I saw "No Lies..." recently in a film class I'm taking. It is a very powerful film. I won't give any spoilers, since part of what makes this film good is getting to see it without knowing anything about it. It hits the viewer in a very unexpected way. 8/10
Graduation Day (1981)
"Graduation Day" is a result of the success of "Friday the 13th." Both of those films are about creative, bloody murders, rather than suspense. If you enjoy that type of film, I'd recommend "Graduation Day." If not, I wouldn't. There's nothing new here, just the same old killings.
Even though I've given the film a 4 out of 10, I will say that it's not a repulsive film. It is watchable if your curious about it, just not creative.
The Best of the sequels!
First, there was "The Texas Chainsaw Massacre," a truly remarkable horror film that has remained one of my favorites. Then, there was "The Texas Chainsaw Massacre 2." It's an interesting film that is both funny and horrific. With "Leatherface," they got back to the original approach to this subject matter. The humor in this third installment is much more subtle (like the Original TCM), and this movie has a similar feel to it that is like the original (though, certainly not as good as the original).
I guess if you looked at these movies from a realistic standpoint, there would have never been any reason for any sequels after the original, plus the fact that the sequels don't really follow any type of story line. It seems like you just have to take each installment as is. And this one is one of the better ones. My rating: 8/10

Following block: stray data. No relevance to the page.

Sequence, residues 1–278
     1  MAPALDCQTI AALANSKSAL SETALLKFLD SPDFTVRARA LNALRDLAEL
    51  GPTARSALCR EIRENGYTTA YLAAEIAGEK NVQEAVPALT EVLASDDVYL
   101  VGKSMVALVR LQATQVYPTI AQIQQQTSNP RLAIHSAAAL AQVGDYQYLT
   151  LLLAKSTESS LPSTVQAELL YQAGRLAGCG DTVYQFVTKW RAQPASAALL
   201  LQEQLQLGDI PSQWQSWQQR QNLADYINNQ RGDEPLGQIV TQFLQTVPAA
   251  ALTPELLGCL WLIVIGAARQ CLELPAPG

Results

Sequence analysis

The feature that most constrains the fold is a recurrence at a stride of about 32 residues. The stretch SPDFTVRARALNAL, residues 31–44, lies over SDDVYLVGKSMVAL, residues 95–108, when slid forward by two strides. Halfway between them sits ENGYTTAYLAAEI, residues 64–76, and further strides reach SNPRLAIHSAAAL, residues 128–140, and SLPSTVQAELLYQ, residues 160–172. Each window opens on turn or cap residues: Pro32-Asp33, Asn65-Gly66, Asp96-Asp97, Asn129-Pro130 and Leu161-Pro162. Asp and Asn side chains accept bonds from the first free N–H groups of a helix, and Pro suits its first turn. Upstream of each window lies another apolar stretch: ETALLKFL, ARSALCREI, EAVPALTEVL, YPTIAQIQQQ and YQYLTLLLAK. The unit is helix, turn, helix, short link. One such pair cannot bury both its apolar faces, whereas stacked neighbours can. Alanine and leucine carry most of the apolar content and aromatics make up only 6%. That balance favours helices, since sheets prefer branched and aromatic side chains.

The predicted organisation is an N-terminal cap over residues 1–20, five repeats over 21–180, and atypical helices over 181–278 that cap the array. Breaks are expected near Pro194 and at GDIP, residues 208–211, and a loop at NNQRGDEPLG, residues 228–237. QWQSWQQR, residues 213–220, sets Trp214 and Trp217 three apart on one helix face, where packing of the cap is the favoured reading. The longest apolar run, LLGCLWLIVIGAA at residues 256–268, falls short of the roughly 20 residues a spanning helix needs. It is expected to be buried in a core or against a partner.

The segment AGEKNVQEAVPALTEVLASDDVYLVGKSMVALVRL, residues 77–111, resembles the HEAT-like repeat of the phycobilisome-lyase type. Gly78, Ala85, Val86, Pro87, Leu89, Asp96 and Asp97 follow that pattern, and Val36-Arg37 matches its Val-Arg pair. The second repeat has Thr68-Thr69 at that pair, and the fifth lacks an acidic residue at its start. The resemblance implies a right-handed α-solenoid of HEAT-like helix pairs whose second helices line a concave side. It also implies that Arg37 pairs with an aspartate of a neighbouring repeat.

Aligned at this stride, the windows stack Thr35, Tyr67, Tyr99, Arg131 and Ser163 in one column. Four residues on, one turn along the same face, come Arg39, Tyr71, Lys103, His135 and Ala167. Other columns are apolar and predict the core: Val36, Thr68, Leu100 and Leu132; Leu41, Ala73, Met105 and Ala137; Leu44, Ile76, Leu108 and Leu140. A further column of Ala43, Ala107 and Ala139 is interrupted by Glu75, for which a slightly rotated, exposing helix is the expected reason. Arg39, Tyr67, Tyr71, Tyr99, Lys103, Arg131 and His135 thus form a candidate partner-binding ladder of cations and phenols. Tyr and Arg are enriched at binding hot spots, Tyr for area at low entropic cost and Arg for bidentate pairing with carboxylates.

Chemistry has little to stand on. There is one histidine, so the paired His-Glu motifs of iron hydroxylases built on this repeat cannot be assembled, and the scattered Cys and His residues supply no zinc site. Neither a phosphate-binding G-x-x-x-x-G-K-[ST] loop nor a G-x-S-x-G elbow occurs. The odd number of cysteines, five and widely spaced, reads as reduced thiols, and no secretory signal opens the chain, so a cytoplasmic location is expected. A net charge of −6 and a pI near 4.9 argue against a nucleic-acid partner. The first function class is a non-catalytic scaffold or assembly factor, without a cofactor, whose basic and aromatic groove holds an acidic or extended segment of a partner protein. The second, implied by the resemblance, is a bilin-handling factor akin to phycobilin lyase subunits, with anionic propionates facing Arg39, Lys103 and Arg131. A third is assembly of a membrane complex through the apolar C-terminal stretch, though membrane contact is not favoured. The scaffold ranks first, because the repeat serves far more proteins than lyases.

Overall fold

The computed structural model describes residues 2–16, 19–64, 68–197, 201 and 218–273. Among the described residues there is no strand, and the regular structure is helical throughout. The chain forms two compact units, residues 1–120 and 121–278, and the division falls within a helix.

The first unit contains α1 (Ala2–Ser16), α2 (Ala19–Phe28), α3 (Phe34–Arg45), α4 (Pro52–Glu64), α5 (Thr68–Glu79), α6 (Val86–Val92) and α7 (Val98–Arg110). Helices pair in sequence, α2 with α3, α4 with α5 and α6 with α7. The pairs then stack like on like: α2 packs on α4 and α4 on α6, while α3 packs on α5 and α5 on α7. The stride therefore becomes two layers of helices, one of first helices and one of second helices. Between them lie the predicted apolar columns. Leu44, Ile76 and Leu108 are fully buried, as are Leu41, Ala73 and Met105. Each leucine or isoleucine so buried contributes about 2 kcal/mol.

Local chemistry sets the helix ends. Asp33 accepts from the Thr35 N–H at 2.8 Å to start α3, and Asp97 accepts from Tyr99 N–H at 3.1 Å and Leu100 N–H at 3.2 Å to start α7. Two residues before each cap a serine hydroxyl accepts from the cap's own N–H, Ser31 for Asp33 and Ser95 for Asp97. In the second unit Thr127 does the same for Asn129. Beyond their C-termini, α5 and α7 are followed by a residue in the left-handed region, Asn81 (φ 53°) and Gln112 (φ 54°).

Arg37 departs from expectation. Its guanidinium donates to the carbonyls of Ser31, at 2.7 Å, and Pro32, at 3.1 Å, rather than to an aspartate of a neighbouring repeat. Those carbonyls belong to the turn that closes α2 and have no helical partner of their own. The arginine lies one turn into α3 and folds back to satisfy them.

I give this movie a 4 out of 10. It would be my least favorite out of the whole series, which, I'm not a huge fan of the series as a whole (parts 2-6 are all OK, with the only standout being part 3). I really like the original and, in my opinion, the best overall is the seventh film, "Wes Craven's New Nightmare."
But my "one line summary" kind of gives it all away. This movie is funnier than I would ever expect a "Nightmare" film to be. I got a couple of good laughs out of it, so maybe it's not all bad.
Nightmare 3 is a lot better than I had expected it to be. The plot idea is really quite clever. Nancy's return to help others fight off Freddy in their dreams is probably a better idea than a lot of people would ever give this movie credit for.
I haven't seen all the Nightmare movies yet, but I'm guessing that Part 3 is one of the better sequels in the series, with the exception of the seventh film. I'm one that feels "Wes Craven's New Nightmare" is the best of the series overall. My rating for Nightmare 3: 7/10
Wrong Turn (2003)
A nice throwback to 1970s horror
From watching the commentary on the DVD, it is told that the purpose of this movie was to do a horror movie in the 1970s style. It does a nice job overall. The plot of the movie is influenced by Wes Craven's "The Hills Have Eyes." In Craven's film, a family gets stuck out in the desert and gets attacked by a family of cannibals. In "Wrong Turn," a group of young people (probably a '90s influence) get stuck in the back woods of West Virginia, and get attacked by a family of cannibals.
I love horror movies like "The Hills Have Eyes" and "The Texas Chainsaw Massacre," so "Wrong Turn" was a pleasure to watch. Once the film got started, I was really wrapped up into the suspense. My rating: 8/10